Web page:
The show's creator, Bill Lawrence, always wanted to concoct a musical from his sitcom, and when the show was in danger of being canceled in season 6, he made his move. He hired the song-writing team of Jeff Marx and Robert Lopez, who won the Tony in 2004 for Avenue Q, and constructed an episode surrounding a patient with a brain aneurysm, which caused her to believe everyone around her was singing. (I understand that the musical episode of Grey's Anatomy which started this never-ending discussion also involved a head trauma patient). The Scrubs episode, titled "My Musical," is structured like a conventional musical comedy. It has a big opening number, which is highlighted below, a love song (between two men!), a patter song inspired by Gilbert and Sullivan, an Act One finale, even an eleven o'clock number (which, since the episode was only 22 minutes long, would make it the "8:19 number").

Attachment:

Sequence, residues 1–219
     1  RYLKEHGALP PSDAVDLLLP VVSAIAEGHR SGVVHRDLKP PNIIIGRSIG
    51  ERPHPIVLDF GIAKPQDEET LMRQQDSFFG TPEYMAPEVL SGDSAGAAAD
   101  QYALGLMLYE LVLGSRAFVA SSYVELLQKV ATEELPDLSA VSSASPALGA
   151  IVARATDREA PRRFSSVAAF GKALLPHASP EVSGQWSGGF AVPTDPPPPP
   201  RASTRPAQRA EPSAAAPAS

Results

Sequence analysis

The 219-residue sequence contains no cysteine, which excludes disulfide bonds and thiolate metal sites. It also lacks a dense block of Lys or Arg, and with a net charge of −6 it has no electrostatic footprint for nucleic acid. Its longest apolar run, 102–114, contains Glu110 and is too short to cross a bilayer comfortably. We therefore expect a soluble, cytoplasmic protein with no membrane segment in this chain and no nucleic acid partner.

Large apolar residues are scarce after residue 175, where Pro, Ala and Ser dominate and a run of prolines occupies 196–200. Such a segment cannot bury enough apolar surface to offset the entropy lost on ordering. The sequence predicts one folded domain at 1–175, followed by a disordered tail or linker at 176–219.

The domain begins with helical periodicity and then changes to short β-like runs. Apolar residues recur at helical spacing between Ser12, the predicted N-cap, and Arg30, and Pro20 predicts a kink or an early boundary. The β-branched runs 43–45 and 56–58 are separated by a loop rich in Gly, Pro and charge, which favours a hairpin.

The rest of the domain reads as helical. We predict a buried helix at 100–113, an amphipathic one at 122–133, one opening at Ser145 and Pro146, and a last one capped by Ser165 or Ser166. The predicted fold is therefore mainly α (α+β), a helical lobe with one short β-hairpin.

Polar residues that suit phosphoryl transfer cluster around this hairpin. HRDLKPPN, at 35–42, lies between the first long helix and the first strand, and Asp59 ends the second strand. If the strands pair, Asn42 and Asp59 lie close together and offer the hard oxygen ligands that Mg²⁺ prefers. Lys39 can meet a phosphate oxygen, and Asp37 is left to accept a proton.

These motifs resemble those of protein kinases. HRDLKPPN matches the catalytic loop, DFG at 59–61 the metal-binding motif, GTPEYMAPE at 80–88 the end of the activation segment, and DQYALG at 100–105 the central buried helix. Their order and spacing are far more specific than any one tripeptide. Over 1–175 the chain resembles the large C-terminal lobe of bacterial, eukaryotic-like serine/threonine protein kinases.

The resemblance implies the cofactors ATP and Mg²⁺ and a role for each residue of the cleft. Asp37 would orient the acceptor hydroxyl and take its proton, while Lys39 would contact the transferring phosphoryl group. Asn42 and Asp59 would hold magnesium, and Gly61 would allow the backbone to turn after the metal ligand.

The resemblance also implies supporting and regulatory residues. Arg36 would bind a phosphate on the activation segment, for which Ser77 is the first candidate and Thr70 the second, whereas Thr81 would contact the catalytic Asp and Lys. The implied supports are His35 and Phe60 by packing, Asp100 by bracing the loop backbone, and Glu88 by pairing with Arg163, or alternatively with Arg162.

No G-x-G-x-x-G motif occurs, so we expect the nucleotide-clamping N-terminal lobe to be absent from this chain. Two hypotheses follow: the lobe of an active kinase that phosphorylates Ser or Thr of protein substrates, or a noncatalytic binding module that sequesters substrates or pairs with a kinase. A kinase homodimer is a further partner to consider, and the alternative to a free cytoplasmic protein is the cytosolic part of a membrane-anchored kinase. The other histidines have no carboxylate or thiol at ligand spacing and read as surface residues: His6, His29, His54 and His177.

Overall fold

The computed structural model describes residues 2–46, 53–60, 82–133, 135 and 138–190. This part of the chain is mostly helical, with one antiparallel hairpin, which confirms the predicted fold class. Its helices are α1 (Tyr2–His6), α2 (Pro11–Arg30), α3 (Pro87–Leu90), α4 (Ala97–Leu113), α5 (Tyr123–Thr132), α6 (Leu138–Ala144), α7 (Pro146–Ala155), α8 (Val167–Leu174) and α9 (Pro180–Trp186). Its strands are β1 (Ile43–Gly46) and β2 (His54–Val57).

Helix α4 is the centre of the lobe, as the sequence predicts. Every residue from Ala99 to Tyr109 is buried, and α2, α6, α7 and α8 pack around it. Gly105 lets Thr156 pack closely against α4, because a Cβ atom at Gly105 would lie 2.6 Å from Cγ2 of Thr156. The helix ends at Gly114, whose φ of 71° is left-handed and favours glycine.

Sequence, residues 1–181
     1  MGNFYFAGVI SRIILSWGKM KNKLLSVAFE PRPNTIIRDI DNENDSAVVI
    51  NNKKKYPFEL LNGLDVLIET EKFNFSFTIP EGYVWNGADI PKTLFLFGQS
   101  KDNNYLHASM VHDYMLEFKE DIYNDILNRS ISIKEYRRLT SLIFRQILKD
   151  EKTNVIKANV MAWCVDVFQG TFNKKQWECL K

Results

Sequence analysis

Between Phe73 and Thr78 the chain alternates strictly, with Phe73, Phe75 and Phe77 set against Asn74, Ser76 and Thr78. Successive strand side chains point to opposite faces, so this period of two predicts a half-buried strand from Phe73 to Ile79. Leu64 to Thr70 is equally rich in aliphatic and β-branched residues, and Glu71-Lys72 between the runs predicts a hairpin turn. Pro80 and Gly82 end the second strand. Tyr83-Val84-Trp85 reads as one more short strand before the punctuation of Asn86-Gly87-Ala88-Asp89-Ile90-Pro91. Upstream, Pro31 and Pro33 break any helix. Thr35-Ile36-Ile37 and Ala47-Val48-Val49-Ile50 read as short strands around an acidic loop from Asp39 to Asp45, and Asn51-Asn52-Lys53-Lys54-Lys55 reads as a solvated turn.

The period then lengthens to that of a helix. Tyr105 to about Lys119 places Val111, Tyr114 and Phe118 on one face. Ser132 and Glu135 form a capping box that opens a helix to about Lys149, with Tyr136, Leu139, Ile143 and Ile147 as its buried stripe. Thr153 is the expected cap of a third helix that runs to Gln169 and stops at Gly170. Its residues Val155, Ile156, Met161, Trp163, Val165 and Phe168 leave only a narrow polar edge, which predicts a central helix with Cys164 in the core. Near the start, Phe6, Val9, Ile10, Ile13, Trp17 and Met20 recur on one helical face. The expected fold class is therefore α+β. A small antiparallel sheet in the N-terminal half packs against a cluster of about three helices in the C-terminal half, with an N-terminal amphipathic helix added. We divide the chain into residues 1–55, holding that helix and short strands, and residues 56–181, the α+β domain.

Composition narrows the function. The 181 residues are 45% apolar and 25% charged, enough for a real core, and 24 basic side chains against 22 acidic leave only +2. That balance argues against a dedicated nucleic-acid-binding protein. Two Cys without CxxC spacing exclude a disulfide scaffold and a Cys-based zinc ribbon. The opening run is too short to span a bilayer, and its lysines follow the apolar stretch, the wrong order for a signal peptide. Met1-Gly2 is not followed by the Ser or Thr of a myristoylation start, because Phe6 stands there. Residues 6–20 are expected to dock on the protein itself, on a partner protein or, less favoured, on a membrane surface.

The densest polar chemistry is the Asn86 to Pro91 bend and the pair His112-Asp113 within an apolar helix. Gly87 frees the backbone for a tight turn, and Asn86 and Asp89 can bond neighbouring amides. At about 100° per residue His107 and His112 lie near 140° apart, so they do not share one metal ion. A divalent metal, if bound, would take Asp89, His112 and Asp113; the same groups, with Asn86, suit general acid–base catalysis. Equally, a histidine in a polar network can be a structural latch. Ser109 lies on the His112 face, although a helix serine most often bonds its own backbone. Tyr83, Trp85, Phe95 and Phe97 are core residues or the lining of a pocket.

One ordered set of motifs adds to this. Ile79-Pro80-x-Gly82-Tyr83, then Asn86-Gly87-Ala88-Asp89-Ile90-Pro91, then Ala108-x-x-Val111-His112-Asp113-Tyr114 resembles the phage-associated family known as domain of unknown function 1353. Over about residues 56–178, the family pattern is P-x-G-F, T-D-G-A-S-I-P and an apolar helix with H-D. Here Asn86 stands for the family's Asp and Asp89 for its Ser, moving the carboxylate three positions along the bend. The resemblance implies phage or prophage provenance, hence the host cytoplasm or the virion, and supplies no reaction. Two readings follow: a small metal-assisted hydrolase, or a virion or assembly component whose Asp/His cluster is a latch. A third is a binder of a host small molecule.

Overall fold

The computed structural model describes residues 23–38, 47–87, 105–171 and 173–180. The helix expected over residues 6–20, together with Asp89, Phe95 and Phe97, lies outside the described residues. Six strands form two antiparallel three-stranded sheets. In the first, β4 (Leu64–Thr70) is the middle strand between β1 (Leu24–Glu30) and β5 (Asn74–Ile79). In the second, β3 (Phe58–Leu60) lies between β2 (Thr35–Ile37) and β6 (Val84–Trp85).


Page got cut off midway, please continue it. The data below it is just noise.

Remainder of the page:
Which is a long-winded way to introduce this fun number from Scrubs. Our guest star is none other than Stephanie D'Abruzzo, who starred in Avenue Q on Broadway. The full episode is terrific, even as it includes actors who are not accustomed to singing and dancing. But somehow, on a sitcom, I forgive such things: